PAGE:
When Scenes Have Gone


The Muppet Christmas Carol is one of those perfect holiday films that ranks alongside classics like It’s A Wonderful Life, Scrooged and The Nightmare Before Christmas. Year after year I have continued to be entertained by the film’s wit and charm but one thing has bugged me ever since I first bought the DVD; there is a scene missing. Before we all jump on our high horses and bemoan the butchery of our film heritage there is one thing to add – the scene in question was never included in the theatrical release.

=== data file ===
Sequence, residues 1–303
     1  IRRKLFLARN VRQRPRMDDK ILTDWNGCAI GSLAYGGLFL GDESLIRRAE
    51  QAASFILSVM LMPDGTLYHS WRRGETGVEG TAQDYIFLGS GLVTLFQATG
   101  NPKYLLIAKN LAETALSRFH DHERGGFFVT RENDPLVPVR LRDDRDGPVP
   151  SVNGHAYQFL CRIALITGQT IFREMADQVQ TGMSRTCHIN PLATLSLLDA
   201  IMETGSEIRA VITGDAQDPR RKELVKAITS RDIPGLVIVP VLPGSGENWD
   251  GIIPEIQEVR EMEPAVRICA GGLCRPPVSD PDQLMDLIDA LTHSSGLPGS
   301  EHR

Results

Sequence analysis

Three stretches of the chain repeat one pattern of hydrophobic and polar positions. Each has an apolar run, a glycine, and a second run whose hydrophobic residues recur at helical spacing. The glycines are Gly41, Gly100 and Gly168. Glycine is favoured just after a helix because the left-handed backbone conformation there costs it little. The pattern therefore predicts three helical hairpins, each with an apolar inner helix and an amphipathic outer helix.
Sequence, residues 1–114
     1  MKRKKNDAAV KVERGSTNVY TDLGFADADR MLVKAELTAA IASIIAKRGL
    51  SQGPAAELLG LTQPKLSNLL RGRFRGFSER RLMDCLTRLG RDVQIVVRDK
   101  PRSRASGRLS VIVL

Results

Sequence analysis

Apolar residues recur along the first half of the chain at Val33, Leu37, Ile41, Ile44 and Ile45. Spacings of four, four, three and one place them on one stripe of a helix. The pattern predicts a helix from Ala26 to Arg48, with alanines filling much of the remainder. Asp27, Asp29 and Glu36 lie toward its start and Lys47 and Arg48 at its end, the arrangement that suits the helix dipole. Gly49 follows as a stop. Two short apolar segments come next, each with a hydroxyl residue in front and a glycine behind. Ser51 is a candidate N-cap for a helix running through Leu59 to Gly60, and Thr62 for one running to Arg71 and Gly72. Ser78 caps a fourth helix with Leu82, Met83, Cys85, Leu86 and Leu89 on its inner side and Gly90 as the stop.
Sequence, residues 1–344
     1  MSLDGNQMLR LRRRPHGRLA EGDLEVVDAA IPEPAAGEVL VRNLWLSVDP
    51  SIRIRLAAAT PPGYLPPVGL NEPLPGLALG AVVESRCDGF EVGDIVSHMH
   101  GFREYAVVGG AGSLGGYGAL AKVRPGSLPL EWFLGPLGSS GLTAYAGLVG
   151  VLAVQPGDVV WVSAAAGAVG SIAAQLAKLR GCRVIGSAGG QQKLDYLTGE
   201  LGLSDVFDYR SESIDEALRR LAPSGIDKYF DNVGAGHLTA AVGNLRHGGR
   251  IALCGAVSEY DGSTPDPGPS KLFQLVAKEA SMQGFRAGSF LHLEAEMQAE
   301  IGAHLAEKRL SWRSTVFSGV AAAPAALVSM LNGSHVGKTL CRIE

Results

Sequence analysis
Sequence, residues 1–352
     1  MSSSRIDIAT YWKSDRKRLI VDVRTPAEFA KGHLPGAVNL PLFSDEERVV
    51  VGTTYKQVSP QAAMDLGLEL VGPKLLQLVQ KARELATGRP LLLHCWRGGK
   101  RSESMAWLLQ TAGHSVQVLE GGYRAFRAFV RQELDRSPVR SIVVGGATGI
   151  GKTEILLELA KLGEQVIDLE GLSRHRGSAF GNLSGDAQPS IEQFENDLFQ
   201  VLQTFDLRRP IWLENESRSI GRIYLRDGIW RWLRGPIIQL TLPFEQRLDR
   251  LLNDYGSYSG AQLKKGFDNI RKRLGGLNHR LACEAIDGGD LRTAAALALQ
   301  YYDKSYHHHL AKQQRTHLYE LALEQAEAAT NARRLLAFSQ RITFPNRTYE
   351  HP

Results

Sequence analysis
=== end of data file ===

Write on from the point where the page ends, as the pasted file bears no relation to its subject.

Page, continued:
The story goes like this. The bitter sweet ballad When Love Has Gone was written for the film by composer Paul Williams, performed by an orchestra, recorded by the actors, filmed and then edited into the film. However shortly before the film’s theatrical premiere the decision was made to cut the scene for timing reasons. Nobody  ever saw this musical number as part of the film during the official release but when it came time to offer The Muppet Christmas Carol for sale via VHS the decision was made to reinstate this footage. Having never seen The Muppet Christmas Carol at the cinema this home video version was the version of the film I, and a great many others, grew up with at home and whenever I see the theatrical cut now on DVD or television it always feels as though a chunk of the film’s soul has been removed.